OPINION AND ORDER
JED S. RAKOFF, U.S.D.J.
The Court grants the motion for summary judgment of defendant International Business Machines Corporation ("IBM").
The following undisputed facts are pertinent. In 1991, IBM suffered the most negative results in its 80-year history, culminating in fourth quarter losses of $ 4.95 per share. See Def. Exh. 4, at Inside Cover & 30 (1991 IBM Annual Report). The first three quarters of 1992 brought further bleak announcements of multi-billion-dollar "restructuring charges," massive layoffs, downgrading of debt, and other bad news. See e.g., Def. Exh. 30 (IBM Press Release 9/29/92); Def. Exh. 13 (IBM Press Release 3/4/92). Nevertheless, IBM management repeatedly proclaimed that the company had no plans, nor foresaw any need, to reduce its customary quarterly dividend of $ 1.21 per share. See, e.g., Def. Exh. 4, at 6 (statement of IBM Chairman John F. Akers in 1991 IBM Annual Report); Def. Exh. 52, at 5-6 (statement of IBM Chief Financial Officer Frank Metz). Since IBM's strong dividend was a mainstay of its market position, such pronouncements presumably bolstered the price of IBM stock; but they appeared warranted, as the IBM Board of Directors continued to declare the $ 1.21 dividend for each quarter of 1992. See Def. Exhs. 10, 19, 26, 68 (IBM Board of Directors Meeting Minutes).
Following declaration of the fourth quarter dividend on October 27, 1992, IBM comment on the future of its dividend ceased. Growing market skepticism about IBM's continuing ability to maintain the $ 1.21 level of dividend -- skepticism publicly voiced by prominent market analysts as early as February, 1992, see, e.g., Def. Exhs. 12, 15, 17, 40-41, 44 -- now went unchallenged. Then, on December 15, 1992, IBM announced that it was "unsure of its ability to maintain the dividend at current levels" into 1993.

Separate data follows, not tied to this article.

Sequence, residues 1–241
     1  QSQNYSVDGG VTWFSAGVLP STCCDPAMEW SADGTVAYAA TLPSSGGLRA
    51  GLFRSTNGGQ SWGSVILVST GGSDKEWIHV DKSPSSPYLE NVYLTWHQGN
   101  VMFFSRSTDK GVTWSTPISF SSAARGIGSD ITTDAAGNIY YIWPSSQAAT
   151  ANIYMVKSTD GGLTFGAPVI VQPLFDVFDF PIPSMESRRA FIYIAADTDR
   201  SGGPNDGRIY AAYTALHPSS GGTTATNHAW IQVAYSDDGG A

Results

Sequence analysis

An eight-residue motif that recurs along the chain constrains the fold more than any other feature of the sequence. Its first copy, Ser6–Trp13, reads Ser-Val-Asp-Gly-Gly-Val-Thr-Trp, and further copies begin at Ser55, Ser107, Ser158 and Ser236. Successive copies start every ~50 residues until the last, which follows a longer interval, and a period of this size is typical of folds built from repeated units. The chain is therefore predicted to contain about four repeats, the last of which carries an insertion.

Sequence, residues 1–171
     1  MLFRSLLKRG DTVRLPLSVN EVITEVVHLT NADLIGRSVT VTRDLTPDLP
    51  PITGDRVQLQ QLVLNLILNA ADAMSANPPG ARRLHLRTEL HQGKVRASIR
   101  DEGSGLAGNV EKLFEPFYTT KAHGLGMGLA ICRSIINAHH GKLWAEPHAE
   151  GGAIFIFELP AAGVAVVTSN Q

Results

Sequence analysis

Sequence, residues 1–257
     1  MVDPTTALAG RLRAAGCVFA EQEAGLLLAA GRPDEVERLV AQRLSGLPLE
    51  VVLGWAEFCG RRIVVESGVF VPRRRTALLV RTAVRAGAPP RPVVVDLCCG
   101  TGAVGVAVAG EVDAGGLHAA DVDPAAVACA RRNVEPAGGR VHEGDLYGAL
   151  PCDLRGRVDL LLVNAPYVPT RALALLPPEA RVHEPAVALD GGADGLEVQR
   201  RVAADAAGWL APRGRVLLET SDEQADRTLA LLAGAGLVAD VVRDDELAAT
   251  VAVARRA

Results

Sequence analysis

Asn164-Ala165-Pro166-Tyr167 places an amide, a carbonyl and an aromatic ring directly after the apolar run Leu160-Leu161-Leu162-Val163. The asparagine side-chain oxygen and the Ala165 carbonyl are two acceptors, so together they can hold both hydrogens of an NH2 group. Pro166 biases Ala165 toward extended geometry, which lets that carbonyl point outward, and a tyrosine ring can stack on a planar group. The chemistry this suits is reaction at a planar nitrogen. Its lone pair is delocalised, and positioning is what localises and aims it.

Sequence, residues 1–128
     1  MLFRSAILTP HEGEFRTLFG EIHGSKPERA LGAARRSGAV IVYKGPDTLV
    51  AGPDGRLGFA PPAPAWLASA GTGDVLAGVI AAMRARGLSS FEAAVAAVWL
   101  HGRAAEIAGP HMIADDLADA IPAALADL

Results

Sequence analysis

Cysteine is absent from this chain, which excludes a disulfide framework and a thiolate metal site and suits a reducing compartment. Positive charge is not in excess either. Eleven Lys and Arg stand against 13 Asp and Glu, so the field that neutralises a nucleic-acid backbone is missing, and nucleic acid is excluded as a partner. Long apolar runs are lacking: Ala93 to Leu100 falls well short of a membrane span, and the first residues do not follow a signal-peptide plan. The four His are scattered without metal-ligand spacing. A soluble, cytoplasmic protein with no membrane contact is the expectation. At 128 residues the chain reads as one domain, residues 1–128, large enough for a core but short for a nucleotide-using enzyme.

Def. Exh. 130 (IBM Press Release 12/15/92). The same day, the price of IBM stock dropped substantially. See Steven E. Livingston, "Stocks Slip as Investors Bash IBM," Wall St. J., Dec. 16, 1992.
The next day, December 16, 1992, the first of the class actions consolidated into this litigation was filed.
As subsequently incorporated in the Consolidated And Amended Class Action Complaint filed February 26, 1993 (the "Complaint"), plaintiffs, consisting of all purchasers of IBM securities between September 30, 1992 and December 14, 1992 (the "class period"), alleged that IBM's management knew by the former date what the company announced on December 15 and that, accordingly, public statements made by high-level IBM executives between September 30, 1996 and October 15, 1996 reconfirming the prior company announcements regarding the dividend level were false or materially misleading. Complaint PP 20-23, 34.
Now, however, after extensive discovery, it is clear beyond genuine dispute that these later management statements were neither false nor misleading, nor otherwise actionable.
To begin with, management statements about dividends come qualified with the inherent limitation that the declaration and determination of dividends are historically the prerogatives of the Board of Directors. See, e.g., Burton v. Exxon Corp., 583 F. Supp. 405, 415 (S.D.N.Y. 1984) ("A decision to declare a dividend is a matter ordinarily addressed to the discretion of the board of directors."). In the case of a New York corporation such as IBM, these limitations have the force of law, for New York prohibits its corporations from guaranteeing dividends, see Lindgrove v. Schluter & Co., 256 N.Y. 439, 444, 176 N.E. 832 (1931), and instead directs each company's board of directors "to exercise an impartial judgment in reference to the declaration of dividends, and to declare them only when, under the existing circumstances, a declaration will seem best to serve the corporate interests." Id. See also Kennedy v. Kennedy, 22 Misc. 2d 924, 91 N.Y.S.2d 294, 304 (Sup. Ct. 1949) ("The declaration of dividends rests in the uncoerced discretion of the Board of Directors at the time of declaration or refusal to declare.").